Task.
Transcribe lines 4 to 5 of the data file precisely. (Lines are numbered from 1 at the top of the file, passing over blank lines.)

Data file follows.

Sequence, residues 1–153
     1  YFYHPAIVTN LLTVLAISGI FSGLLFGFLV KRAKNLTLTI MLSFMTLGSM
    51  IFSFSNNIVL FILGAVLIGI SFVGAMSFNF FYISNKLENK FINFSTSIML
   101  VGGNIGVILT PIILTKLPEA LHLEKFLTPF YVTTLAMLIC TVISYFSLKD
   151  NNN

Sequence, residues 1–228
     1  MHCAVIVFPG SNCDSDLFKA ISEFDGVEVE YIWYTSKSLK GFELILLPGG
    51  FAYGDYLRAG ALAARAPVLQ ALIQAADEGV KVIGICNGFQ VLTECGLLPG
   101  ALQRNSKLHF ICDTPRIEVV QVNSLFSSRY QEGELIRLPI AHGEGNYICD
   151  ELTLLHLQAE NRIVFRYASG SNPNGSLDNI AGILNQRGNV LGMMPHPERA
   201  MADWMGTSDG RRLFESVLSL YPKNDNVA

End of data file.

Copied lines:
   101  VGGNIGVILT PIILTKLPEA LHLEKFLTPF YVTTLAMLIC TVISYFSLKD
   151  NNN